Hezbollah announced on Thursday the death of one of its members, Ali al-Din from the town of Sohmor, saying he was killed “on the road to Jerusalem,” the terror group’s term for operatives slain in Israeli strikes.

The announcement came following reports of an Israeli drone strike on a motorcycle in Sohmor, in the Western Beqaa District, which killed at least one person.

The IDF later confirmed the strike, saying that al-Din, was behind drone attacks on northern Israel.

Separately, the IDF said fighter jets struck buildings used by the terror group in Houla and Aitaroun. It added that troops also shelled areas in southern Lebanon with artillery.

Meanwhile, two explosive-laden drones launched by Hezbollah at the Western Galilee struck areas near Rosh Hanikra, the military said.

The IDF said there were no injuries in the attack. Hezbollah took responsibility, claiming to have targeted a Navy base.

On Wednesday, the Israel Defense Forces struck Hezbollah targets in Lebanon. Hezbollah fired several anti-tank missiles across the border as Prime Minister Benjamin Netanyahu and President Isaac Herzog toured the north of Israel and the United Nations warned that a full-blown war between the two sides would be “apocalyptic.”

View of a house that was hit from a rocket fired from Lebanon into the northern Israeli city of Kiryat Shmona, seen on June 24, 2024. (David Cohen/Flash90)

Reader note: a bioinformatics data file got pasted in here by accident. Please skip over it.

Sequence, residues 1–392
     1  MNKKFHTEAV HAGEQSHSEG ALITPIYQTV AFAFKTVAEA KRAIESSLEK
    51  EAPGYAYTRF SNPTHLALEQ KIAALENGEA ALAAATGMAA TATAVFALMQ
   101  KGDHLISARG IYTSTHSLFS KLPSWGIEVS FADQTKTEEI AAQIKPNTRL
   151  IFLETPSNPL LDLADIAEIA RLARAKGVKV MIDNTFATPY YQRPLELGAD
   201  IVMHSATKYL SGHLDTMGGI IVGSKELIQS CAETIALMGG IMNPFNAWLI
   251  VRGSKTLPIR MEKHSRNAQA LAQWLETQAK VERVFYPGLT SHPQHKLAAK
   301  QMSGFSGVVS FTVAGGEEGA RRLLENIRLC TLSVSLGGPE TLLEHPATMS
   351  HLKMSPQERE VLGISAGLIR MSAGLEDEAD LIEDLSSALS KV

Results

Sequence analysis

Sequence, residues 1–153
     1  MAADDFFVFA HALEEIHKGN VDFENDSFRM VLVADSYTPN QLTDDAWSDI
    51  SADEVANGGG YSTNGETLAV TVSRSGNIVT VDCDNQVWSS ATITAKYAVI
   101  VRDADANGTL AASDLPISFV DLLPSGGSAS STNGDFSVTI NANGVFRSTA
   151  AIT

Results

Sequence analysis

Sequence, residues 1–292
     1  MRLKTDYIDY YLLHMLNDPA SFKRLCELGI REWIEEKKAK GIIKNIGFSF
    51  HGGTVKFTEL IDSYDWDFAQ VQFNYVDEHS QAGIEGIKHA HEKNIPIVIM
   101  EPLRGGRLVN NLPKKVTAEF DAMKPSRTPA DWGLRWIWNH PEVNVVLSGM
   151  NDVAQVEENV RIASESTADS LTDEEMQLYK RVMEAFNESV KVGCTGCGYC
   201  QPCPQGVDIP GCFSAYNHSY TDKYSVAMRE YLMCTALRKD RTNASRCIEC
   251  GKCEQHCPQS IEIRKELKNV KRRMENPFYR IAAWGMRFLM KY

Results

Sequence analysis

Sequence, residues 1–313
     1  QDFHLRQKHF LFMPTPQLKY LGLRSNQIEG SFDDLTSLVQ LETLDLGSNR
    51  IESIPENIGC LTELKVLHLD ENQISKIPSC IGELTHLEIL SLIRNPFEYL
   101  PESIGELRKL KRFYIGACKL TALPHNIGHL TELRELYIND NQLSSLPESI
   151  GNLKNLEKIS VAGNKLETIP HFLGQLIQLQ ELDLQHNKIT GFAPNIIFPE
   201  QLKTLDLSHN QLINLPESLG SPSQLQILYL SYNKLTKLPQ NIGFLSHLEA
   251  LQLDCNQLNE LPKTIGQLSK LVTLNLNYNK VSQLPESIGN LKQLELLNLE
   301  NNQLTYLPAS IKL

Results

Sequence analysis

Meanwhile, Israeli troops carried out exercises this past week simulating fighting in Lebanon, which the military said was part of the Northern Command’s efforts to increase readiness amid heightened tensions on the northern border.

The Golani Brigade’s 12th Brigade, which has been operating in the Mount Dov and Mount Hermon areas on the northern border, carried out a drill simulating fighting in complex terrain, according to the military, while another drill, carried out by the 55th Reserve Paratroopers Brigade, practiced various combat scenarios, including movement in complex terrain and advancing along a “mountainous route.”

Early in the war, Israel evacuated communities along the border with Lebanon, fearing Hezbollah would carry out an onslaught similar to Hamas’s. Over eight months later, some 60,000 residents of northern Israel remain displaced.

As reported by The Times of Israel